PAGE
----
Once upon a time, using a PC meant exposure to a variety of Windows-based viruses.
Yet Mac and Linux computers were almost immune to malicious software.
Mobile phone users didn’t have to worry either, since 1990s and early Noughties devices were only suitable for sending text messages or playing rudimentary games like Snake.
Fast-forward to the present day, and almost any device could be attacked by malware and viruses.
Apple hardware is increasingly susceptible, while recorded levels of smartphone-based malware increase constantly.
As a result, consumers have had to become much more savvy about internet hygiene.
Whether you’re a Linux devotee, an iPhone addict or a Chromebook loyalist, the internet is an increasingly dangerous place to spend time.
There’s malware (Trojans, ransomware and worms), spyware (keystroke logging and adware), and phishing (unsolicited social engineering designed to extract personal data).
Fortunately, common-sense goes a long way to keeping people safe from malware and viruses.
For instance, deleting obsolete or unused software/apps reduces the number of vulnerabilities hackers could target, while attempting to access your personal data.
These are our top tips for remaining virus-free, without having to compromise your normal daily activities…
Ten ways to avoid malware and viruses
- Firstly, approach unsolicited communications suspiciously. Sadly, you haven’t won an international lottery, or received a million dollars from an unknown African prince. However, you probably haven’t had online accounts suspended “due to suspicious actions”, either.
- To determine if an email is legitimate, perform two tests. Hover your cursor over the Sender field, and see whether the email address matches the domain of the company it claims to be from. Do the same over hyperlinks in the email body. If they don’t match, beware!
- Avoid visiting websites with unusual domain suffixes. Normal suffixes include co.uk, .com and .biz. However, an estimated 90 per cent of .gq websites are spammy or somehow dubious. Other top level domains to avoid include .men, .fun, .club and .country.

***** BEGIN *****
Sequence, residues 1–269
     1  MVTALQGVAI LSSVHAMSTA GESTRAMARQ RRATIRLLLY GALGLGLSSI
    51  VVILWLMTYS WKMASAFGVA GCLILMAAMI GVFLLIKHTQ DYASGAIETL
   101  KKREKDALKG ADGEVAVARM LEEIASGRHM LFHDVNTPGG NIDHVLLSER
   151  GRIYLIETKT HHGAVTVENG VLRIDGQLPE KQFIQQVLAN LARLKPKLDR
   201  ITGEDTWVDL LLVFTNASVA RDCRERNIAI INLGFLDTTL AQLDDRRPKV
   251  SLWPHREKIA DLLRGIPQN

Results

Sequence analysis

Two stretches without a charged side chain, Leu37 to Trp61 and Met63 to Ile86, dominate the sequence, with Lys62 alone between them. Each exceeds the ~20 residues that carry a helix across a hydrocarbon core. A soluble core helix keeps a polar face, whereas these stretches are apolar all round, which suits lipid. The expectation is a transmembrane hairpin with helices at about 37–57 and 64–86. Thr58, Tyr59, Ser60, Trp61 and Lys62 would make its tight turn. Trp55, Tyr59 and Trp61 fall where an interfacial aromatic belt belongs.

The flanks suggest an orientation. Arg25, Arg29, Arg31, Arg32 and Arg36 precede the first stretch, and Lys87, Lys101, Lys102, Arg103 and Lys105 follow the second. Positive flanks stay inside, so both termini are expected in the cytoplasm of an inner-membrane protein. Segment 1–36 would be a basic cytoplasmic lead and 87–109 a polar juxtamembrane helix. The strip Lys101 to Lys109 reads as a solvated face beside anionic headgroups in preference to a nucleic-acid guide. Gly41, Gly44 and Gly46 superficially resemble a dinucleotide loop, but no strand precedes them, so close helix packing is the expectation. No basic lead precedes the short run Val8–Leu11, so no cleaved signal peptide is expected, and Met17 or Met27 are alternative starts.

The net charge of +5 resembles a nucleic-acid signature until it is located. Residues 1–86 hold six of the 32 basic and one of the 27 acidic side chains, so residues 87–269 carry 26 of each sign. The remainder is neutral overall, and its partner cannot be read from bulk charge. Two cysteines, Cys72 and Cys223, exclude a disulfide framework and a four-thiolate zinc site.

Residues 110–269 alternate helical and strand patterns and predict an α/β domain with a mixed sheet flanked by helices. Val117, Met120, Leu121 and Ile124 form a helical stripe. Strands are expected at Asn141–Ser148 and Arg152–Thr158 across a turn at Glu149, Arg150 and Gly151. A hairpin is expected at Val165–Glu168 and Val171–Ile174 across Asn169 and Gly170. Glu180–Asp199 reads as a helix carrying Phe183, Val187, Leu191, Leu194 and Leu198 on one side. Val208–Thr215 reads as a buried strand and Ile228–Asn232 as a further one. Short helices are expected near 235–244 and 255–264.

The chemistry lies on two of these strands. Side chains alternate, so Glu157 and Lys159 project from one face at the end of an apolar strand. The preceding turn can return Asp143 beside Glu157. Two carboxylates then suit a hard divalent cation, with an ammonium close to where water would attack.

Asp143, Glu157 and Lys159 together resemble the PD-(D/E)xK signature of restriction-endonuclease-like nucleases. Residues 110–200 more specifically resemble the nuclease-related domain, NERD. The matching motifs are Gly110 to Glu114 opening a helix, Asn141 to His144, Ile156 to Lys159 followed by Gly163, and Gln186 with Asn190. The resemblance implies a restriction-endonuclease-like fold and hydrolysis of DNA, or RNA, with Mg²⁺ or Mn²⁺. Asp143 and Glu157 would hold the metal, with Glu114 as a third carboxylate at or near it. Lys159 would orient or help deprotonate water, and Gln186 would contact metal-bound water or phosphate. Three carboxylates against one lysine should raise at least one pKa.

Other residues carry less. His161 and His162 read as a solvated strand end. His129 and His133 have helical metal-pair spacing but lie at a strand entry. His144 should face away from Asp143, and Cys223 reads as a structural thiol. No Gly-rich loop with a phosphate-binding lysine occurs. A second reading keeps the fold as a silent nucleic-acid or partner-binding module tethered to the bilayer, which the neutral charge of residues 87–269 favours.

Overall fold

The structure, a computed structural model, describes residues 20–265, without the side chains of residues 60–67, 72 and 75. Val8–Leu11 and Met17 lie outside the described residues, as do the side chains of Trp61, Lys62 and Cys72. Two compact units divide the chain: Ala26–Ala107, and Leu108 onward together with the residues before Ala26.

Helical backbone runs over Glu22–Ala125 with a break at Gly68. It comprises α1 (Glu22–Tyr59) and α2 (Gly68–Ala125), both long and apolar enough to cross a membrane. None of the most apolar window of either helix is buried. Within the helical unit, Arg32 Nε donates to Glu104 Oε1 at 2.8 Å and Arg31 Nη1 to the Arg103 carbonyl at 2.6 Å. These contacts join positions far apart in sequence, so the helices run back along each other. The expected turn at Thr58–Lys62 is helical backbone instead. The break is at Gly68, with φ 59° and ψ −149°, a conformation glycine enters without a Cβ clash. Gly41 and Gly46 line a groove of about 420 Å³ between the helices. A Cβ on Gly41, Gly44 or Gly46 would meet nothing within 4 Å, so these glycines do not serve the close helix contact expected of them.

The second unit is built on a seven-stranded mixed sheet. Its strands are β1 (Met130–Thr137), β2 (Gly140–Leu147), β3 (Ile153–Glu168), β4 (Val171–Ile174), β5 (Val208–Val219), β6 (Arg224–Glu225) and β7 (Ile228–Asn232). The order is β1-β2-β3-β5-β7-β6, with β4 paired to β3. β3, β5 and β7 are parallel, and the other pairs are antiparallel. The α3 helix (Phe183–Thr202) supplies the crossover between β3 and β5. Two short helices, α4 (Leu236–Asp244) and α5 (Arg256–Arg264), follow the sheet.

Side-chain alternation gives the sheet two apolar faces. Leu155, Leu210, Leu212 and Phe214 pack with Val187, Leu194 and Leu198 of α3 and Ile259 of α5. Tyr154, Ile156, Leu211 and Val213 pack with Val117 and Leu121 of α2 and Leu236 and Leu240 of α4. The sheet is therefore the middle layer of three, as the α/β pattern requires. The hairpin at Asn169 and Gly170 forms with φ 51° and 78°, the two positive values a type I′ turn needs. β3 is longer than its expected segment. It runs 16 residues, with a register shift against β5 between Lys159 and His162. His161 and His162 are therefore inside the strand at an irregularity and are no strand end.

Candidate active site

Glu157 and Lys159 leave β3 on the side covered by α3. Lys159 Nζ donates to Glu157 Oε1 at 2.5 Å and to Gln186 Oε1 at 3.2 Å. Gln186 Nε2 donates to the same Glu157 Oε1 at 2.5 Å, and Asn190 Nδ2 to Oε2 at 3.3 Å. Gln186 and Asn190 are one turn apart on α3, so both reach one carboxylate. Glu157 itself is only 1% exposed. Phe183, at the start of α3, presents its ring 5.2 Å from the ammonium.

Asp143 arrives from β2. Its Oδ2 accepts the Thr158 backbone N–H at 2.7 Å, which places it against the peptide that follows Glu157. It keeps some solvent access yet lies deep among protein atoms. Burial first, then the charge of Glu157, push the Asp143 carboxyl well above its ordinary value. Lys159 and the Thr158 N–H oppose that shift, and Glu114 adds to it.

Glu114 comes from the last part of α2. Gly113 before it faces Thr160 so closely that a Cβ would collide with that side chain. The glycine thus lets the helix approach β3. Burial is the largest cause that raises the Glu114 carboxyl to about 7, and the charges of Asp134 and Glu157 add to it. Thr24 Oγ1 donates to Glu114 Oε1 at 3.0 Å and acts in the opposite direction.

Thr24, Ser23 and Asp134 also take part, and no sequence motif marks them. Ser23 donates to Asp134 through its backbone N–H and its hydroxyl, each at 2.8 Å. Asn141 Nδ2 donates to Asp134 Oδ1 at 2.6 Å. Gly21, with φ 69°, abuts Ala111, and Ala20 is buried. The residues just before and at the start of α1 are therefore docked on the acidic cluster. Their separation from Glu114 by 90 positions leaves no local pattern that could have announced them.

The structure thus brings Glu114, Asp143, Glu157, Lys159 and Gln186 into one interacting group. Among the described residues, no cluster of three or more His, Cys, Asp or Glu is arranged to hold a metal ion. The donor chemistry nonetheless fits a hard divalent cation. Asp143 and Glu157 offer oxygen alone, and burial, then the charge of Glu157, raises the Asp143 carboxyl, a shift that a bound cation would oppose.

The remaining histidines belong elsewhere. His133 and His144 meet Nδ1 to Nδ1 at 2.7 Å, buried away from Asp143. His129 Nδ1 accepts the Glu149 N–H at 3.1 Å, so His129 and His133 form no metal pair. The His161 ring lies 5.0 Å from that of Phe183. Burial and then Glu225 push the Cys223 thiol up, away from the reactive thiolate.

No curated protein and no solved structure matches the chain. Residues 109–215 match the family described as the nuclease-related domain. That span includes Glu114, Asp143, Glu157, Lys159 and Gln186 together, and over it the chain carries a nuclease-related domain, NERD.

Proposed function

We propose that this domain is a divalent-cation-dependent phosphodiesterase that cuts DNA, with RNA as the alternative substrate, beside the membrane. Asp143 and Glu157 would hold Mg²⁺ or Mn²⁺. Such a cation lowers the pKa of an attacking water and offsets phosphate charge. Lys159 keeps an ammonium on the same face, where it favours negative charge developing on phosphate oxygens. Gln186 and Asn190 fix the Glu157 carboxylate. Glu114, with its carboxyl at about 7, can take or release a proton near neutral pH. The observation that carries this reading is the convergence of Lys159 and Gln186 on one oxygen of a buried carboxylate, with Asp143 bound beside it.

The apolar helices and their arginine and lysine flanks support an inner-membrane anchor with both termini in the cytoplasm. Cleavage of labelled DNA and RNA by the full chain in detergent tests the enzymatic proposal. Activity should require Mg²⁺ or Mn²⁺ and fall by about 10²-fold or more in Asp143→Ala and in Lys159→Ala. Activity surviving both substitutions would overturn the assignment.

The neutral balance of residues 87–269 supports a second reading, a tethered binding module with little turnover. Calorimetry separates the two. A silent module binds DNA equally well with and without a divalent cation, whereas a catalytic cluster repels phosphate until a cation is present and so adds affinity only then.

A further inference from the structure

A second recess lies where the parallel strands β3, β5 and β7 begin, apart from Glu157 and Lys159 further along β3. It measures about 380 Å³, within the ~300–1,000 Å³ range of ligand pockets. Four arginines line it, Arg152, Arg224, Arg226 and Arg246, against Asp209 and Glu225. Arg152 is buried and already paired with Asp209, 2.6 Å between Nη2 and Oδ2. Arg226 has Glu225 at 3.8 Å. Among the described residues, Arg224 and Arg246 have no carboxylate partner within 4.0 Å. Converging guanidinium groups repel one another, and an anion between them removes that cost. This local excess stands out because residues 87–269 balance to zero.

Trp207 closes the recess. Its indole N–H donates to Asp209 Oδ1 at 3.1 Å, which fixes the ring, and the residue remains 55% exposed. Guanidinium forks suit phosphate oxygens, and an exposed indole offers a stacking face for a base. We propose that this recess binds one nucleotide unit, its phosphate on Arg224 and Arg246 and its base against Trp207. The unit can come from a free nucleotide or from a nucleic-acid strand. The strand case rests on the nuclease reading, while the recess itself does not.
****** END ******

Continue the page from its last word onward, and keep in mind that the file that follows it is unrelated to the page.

- Be wary of social media messages. If your cousin always starts messages by saying “Hi cuz”, a message starting “Hey there” should arouse suspicion. All platforms pose risks, but Facebook Messenger has been plagued by password-stealing malware for some time.
- Don’t visit dangerous websites. Modern web browsers often flag up dubious sites, so heed their warnings. Similarly, stay away from the Dark Web unless you know what you’re doing. Enable popup blocking tools, and stick to visiting pages listed in search results.
- Enable software and system updates. Don’t decline the chance to upgrade your Android operating system, or to update your day-to-day web browser. Owners of WordPress websites may need to manually update plugins, which usually get patched as flaws are uncovered.
- Don’t trust insecure networks. Public WiFi is insecure by nature, placing consumers at higher risk of infection. Other than harmless sites like BBC News, stick to browsing via domestic WiFi networks with WPA2 encryption – and log out of webpages after use.
- Set personal identifiers. Many online banks identify legitimate webpages with a user-selected graphic or message. Deploy these whenever possible. Criminals can hijack websites and redirect visitors to bogus platforms, but they can’t replicate this unique user data.
- Avoid illicit material. Peer-to-peer file sharing is a risky enterprise, and downloaded files may not be as innocent as they seem. Scan files with an antivirus package before opening them, and consider downloading files to a contained environment like a Dropbox folder.
- Use ad-blocking tools. This is contentious, since some sites prevent users visiting when popup-blockers are enabled. However, malicious ads may appear on compromised (yet genuine) sites. Preventing pop-ups should stop the majority of malvertising attacks.
Antivirus software remains one of the strongest weapons against malware and viruses.
On this site, you’ll find details of the latest packages – which platforms they work on, key features and protections, and what the cost will be on a monthly or annual basis.
Once software is installed, ensure automatic updates are enabled, and grant sufficient permissions for the software to scan every incoming email, webpage content, etc.
Periodic deep scans of hard drives and operating systems are advisable, though these can be automated to take place in the dead of night – minimising their impact on system resources.
Finally, regular data backups ought to get you back online with relatively little collateral damage, even if a trusted device becomes infected and has to be restored to factory settings.